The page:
With a bag of freshly filet-ed flounder and scary-fish in hand, Omma directed us to one of the restaurants down below the market. The server takes your bag and your cooking instructions and then brings you your food. In this case, a gigantic plate of raw fish:
They showed us how to make little rolls of out of rice, perilla and lettuce leaves, fish slices, various vegetables, and sauces. Omma also saved the best part of this snail for me--the mouth. She kept motioning that it would make me strong.
Just when I thought I was going to explode from the sheer volume of fish, vegetables, and side dishes in my stomach, the server came in with a gas burner and a huge bowl of meyongtang, or fish stew:
I had mentioned the day before that I liked sujebi, so, of course, Omma and aunts ordered the server to make the soup into sujebi. The server came in with a giant ball of dough, which she tore into thin little strips and dropped in the boiling cauldron of soup:
Then she was nice enough to take a group photo:
Let me tell you, I have never seen anyone eat like Korean women. They really know how to put it away. I think I eat a lot, but apparently, Omma was worried that we hadn't eaten enough dinner or lunch. She kept refilling our bowls and plates and offering us morsels of fish that she had pulled from the bones.
This is the aftermath of our meal for five:
After lunch, it was suddenly time for Omma and my aunts to start their long drive back home. (They live in cities in the southern part of Korea.) They braved more crazy Seoul traffic and took me and the boyfriend back to our guesthouse. Worried that we hadn't eaten enough (SO FULL!), they also gave us a giant bag of leftovers from the evening before.
Saying "good-bye" was much harder than saying "hello" had been, just 24 hours before. Omma held my hand and spoke to Mrs. Lee on the cellphone, asking her to translate our goodbyes. Over the phone, Mrs. Lee told me that Omma was very happy to meet me and was very sorry that she wouldn't be able to see us off at the airport when we left Korea. I told Mrs. Lee to thank Omma for everything and tell her that I was sorry that I didn't know more Korean to communicate with her. I promised to come back as soon as possible and work very hard on my language skills. When they said goodbye, Omma and my two aunts hugged me and said "I love you" in English. As I'm sure you can imagine, I started crying at this point, but it was okay because everyone else was too (minus the boyfriend, who gave everyone tissues). Then Omma and aunts piled into her Kia and drove away, waving the whole time. (About an hour and a half later, she sent me a text message that said "Mica! I love!")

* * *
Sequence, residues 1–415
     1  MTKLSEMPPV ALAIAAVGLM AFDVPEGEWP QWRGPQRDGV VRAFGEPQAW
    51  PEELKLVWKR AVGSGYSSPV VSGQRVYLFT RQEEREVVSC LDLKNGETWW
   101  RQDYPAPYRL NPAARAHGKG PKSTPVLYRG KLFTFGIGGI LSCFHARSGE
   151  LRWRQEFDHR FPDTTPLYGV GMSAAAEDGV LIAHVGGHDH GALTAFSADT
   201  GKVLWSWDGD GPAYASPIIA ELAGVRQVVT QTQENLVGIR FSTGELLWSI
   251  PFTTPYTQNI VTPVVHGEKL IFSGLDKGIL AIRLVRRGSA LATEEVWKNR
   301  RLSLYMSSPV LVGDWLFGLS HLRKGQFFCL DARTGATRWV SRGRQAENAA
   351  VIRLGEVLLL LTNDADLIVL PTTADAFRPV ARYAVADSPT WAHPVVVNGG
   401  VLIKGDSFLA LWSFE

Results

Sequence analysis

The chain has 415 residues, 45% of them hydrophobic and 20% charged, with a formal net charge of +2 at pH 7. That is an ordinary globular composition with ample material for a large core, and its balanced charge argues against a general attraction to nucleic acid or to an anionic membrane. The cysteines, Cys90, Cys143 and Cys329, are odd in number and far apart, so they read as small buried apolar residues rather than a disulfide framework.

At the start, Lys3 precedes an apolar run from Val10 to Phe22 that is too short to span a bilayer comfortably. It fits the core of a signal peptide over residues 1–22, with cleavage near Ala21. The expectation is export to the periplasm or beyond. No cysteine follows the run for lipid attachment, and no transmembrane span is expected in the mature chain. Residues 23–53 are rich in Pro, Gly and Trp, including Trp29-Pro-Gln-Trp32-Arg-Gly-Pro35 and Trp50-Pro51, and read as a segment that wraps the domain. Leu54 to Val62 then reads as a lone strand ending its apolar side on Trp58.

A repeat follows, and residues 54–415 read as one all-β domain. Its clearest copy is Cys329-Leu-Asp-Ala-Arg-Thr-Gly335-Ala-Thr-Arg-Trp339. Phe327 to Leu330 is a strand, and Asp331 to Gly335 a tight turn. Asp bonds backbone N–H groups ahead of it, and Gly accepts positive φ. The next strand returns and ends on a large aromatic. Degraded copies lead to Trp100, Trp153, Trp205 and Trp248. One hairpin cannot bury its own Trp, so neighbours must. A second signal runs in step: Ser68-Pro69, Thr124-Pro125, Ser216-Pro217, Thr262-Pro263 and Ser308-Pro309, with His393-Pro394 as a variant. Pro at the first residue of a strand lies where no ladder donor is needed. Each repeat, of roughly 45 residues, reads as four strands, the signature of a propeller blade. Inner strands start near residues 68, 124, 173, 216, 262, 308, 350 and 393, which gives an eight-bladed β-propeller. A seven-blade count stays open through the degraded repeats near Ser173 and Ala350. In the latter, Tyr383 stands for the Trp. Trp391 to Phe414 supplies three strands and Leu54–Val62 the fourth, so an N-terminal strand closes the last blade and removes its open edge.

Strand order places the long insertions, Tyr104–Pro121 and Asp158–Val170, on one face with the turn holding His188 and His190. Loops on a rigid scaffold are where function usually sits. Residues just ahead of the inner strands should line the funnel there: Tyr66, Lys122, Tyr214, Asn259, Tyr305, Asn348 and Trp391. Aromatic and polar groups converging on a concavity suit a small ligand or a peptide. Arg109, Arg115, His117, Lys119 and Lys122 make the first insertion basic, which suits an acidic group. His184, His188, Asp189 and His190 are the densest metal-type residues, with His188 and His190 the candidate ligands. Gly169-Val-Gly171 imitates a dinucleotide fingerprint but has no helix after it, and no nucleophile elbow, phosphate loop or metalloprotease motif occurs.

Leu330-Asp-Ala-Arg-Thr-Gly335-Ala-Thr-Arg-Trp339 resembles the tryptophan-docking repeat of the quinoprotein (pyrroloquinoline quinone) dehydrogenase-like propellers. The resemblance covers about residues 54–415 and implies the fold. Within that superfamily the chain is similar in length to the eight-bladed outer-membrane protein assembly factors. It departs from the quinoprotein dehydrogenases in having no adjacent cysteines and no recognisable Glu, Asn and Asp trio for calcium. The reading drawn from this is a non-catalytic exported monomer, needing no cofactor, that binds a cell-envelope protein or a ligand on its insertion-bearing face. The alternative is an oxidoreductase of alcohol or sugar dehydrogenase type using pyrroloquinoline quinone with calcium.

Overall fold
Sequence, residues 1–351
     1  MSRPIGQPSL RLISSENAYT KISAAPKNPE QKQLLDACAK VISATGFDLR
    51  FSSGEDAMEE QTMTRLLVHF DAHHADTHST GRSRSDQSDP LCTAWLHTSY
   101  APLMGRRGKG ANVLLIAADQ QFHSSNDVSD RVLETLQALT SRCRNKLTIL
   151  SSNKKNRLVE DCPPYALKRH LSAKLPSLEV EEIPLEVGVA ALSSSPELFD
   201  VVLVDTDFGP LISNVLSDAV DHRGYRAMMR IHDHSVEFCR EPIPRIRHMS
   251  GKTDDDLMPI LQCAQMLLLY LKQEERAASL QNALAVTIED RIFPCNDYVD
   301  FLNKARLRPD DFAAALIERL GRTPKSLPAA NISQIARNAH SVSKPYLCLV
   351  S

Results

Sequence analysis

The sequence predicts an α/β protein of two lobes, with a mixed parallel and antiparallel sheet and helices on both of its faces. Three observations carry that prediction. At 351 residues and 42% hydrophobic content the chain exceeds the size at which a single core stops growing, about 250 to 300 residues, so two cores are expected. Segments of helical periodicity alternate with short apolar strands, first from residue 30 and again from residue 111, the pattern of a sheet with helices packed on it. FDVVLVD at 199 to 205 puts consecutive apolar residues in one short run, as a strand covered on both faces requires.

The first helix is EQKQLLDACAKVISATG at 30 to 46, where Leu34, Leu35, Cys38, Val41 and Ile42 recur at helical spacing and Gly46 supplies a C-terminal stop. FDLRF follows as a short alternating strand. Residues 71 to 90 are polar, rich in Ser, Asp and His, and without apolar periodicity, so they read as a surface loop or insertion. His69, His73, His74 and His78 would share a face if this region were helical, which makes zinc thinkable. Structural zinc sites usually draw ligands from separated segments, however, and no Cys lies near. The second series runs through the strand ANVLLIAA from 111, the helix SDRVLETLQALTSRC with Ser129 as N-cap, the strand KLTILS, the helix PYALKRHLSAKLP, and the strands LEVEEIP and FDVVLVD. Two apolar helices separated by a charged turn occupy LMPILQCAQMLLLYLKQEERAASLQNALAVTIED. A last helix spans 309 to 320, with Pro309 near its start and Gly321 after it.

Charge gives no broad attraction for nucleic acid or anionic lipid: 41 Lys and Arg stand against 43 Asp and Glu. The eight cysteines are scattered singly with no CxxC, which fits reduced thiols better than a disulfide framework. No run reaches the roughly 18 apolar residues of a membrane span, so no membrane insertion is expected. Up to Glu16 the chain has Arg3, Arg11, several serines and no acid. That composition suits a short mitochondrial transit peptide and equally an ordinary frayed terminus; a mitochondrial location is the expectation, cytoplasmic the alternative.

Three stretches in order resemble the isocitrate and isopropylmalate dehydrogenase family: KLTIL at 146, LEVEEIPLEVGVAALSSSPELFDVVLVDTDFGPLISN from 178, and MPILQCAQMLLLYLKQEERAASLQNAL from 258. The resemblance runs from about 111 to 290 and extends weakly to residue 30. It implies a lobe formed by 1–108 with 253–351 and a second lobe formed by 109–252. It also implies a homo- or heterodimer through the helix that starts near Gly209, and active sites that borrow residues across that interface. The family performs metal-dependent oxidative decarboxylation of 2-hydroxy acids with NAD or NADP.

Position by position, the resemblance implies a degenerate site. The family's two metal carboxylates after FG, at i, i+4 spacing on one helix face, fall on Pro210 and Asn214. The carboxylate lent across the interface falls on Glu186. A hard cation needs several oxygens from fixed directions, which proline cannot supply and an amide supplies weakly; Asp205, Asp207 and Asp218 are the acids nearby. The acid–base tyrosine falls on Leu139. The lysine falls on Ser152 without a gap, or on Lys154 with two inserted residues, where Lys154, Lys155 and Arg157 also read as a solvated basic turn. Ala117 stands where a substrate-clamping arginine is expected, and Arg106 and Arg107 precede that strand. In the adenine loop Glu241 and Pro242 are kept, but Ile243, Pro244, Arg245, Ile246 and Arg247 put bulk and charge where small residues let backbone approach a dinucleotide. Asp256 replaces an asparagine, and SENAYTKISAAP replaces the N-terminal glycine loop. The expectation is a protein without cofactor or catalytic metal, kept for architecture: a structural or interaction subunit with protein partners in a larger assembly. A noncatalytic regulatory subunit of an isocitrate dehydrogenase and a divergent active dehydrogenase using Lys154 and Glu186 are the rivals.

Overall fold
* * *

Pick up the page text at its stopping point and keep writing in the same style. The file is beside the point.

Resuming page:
Since then, she has written me a few e-mails to confirm that I got home safely and tell me how much she misses me already. (So many thanks to my friend Stephanie for her willingness to translate and awesome tri-lingual skills.)
"It’s been a difficult trip, right? Right about now, you’re probably on the plane. After seeing you, I miss you even more and I regret not being able to hug you to my heart’s content. I resent myself for that. I wonder when we are going to see each other again. I can’t seem to be able to do anything because I think of you all day. I wonder if you are eating well… how you are managing to get all that luggage back home. When I think of you going to the airport without anyone there to see you off, it breaks my heart. I wonder if I should have gone to see your pretty self at the airport… Stay healthy… I’ll email you often mica~~ bye~~!!"I'm not really sure how to conclude this very long post except by saying that I feel incredibly lucky to have found my birth mom and part of my family. Some people have asked me if I feel a sense of closure having now met her. Since I didn't embark on this search seeking answers to major, gnawing questions (e.g., "Who am I?"), I don't really think there are any doors that needed closing. Instead, I am excited to have a wonderful connection to Korea and to integrate the culture, language, and people into my adult life. From here, the first step I can take is to learn some Korean, and the goal of being able to speak with and write to Omma is one of the greatest motivators I could possibly imagine. I see this experience as completely positive, and I am very excited to see where it takes me.
Thank you for following along with me as I initiated and pursued my search. And please feel free to comment or contact me with more specific questions. Reading about other adoptees' experiences in looking for their birth parents was incredibly helpful, so I wanted to document this as fully as possible, both for myself and for anyone else who may be considering a search.